Travel in the Face of Threats
Late Tuesday evening, local time, US Speaker of the House Nancy Pelosi landed in Taiwan (also known as the Republic of China) despite multiple warnings from the government in mainland China against the visit. Before her trip, the Chinese said they would shoot down her plane if it entered their airspace. That’s a severe warning…a threat to the United States of America. Murdering the Speaker of the US House of Representatives would be considered an act of war.
A significant reason for the heated Chinese response is that Mrs. Pelosi is second in line for the US presidency. She has been the most senior US official to visit the nation since Newt Gingrich’s visit in 1997.
After landing at Songshan Airport a little before 11:00 PM, the Speaker was greeted by Taiwanese Foreign Minister Joseph Wu and staff members from the American Institute in Taiwan (AIT). AIT functions as the de facto US embassy in Taipei.
A Little History
Taiwan is a self-governing democracy, home to over 23 million people. The Chinese Communist Party claims the island as its territory, despite never having governed it. A visit from a high-ranking US official such as Pelosi infuriates the Chinese government, which views it as support for Taiwanese independence. For years the Communist Chinese have tried hard to isolate the island diplomatically.
China takes all such matters extremely seriously, with President Xi Jinping threatening to incorporate the island nation into the “motherland” by force if necessary. It doesn’t take a massive leap of the imagination or a degree in International Affairs to make see an analogy between these kinds of statements and what is happening on the ground in Ukraine right now.
Mainland China’s Ministry of Foreign Affairs calls the visit “a serious violation of the one-China principle and the provisions of the three China-U.S. joint communiqués” and that “China firmly opposes and sternly condemns this, and has made serious démarche and strong protest to the United States.” I’ll admit, after reading that, I had to look up the word “démarche.” It’s not the kind of language you hear every day. At least I don’t.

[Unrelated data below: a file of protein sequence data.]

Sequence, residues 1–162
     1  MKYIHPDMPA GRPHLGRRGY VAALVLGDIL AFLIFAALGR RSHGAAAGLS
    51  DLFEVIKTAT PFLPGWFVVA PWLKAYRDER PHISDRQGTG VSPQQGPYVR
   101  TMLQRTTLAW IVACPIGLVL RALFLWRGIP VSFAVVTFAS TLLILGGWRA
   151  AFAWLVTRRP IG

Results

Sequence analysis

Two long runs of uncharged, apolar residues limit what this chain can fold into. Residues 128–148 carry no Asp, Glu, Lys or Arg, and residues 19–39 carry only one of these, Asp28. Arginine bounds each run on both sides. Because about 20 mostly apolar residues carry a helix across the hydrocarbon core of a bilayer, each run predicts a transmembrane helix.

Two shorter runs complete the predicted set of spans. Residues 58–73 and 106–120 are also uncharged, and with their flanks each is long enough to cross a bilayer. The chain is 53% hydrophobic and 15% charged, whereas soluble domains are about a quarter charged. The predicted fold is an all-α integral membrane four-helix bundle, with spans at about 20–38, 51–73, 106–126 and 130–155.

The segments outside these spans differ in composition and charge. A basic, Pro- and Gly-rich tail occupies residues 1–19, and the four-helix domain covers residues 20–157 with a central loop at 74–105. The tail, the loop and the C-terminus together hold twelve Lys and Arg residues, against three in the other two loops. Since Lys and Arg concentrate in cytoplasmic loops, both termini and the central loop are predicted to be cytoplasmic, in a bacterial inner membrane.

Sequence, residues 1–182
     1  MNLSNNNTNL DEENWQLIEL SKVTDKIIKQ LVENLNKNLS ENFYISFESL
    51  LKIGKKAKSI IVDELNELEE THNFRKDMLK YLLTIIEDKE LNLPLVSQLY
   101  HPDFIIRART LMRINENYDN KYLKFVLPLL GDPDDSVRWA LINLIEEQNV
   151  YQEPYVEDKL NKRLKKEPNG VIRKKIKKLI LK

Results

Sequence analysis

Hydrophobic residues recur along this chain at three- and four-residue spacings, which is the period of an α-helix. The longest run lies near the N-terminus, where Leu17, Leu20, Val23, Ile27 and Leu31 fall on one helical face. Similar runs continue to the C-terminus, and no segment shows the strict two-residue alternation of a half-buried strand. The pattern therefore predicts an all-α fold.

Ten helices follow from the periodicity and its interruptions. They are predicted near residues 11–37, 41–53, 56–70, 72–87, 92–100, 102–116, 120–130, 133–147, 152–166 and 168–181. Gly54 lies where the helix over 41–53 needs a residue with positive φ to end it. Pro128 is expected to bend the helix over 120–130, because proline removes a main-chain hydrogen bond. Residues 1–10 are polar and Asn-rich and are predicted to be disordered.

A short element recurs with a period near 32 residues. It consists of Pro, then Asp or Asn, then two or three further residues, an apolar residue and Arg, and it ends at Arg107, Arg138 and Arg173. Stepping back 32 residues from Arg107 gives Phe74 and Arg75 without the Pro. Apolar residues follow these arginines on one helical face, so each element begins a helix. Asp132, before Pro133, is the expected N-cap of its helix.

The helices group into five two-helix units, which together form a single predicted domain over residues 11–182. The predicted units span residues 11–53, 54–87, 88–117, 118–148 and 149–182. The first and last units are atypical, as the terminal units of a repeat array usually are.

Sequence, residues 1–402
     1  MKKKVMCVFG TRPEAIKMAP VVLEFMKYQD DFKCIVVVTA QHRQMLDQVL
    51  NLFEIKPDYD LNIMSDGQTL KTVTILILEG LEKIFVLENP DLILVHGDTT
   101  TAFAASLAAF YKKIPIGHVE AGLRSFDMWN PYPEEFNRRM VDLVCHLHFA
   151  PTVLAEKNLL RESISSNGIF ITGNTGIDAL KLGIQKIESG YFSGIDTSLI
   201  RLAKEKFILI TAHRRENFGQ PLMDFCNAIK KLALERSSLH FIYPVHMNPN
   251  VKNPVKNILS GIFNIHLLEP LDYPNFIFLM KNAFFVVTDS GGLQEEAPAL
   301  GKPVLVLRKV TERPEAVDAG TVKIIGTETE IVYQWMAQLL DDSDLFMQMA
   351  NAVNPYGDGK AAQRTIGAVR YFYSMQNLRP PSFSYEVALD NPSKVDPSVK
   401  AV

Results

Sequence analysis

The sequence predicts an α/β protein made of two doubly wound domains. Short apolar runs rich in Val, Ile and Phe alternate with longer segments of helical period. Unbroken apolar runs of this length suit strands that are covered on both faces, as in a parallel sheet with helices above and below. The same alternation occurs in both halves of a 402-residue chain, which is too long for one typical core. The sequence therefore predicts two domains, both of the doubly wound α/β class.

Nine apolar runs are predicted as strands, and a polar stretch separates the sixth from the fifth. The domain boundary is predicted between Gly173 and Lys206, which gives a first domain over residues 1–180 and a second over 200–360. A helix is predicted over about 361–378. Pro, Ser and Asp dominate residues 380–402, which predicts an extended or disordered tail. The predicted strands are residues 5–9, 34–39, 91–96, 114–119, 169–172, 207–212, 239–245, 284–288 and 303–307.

At any rate, it refers to a diplomatic line of action or countermove. I take this to mean they are formally telling us they are pissed off about the visit. After all, they did threaten to shoot down her plane. That’s not the kind of talk that can be brushed off lightly.
Flexing Their Muscles
It wasn’t long after Pelosi’s plane touched down that Xinhua, the official news agency of China, released a statement from the People’s Liberation Army (the armed wing of the Chinese Communist Party). That statement informed the people of “important military training operations” that would take place in six different areas surrounding Taiwan. The live-fire exercises are scheduled for this upcoming Thursday thru Sunday, following the departure of the Speaker. Still, the message is crystal clear.
A Good Defense…
For her part, the Speaker strongly defended her trip. She stated, “Our congressional delegation’s visit to Taiwan honors America’s unwavering commitment to supporting Taiwan’s vibrant Democracy.”
“Our visit is one of several Congressional delegations to Taiwan — and it in no way contradicts longstanding United States policy, guided by the Taiwan Relations Act of 1979, U.S.-China Joint Communiques and the Six Assurances. The United States continues to oppose unilateral efforts to change the status quo.”
She is correct; back in April, Senators Lindsey Graham and Bob Menendez (chairman of the Senate Foreign Relations Committee) made their own surprise visit to Taiwan. It should be noted that the Chinese were none too happy about this either. During the trip, Senator Graham criticized China for their increasingly close ties with Russia.
Speaking to Taiwan’s President Tsai Ing-wen and referring to the Russian President, Graham said, “The support for Putin must come with a price,” Just what price is, he did not specify. But, the Senator continued, “To abandon Taiwan would be to abandon democracy and freedom.”
After returning from their trip, the two Senators jointly introduced the Taiwan Policy Act of 2022. A bipartisan bill, if passed, would provide the island nation with $4.5 billion in security assistance over the next four years. I guess that after hearing the Chinese President’s threats about wanting to reincorporate them into the motherland, they feared the aid might be needed. In addition, the bill would also designate Taiwan as a major non-NATO ally. This designation would provide additional security benefits and assurances for Taiwan.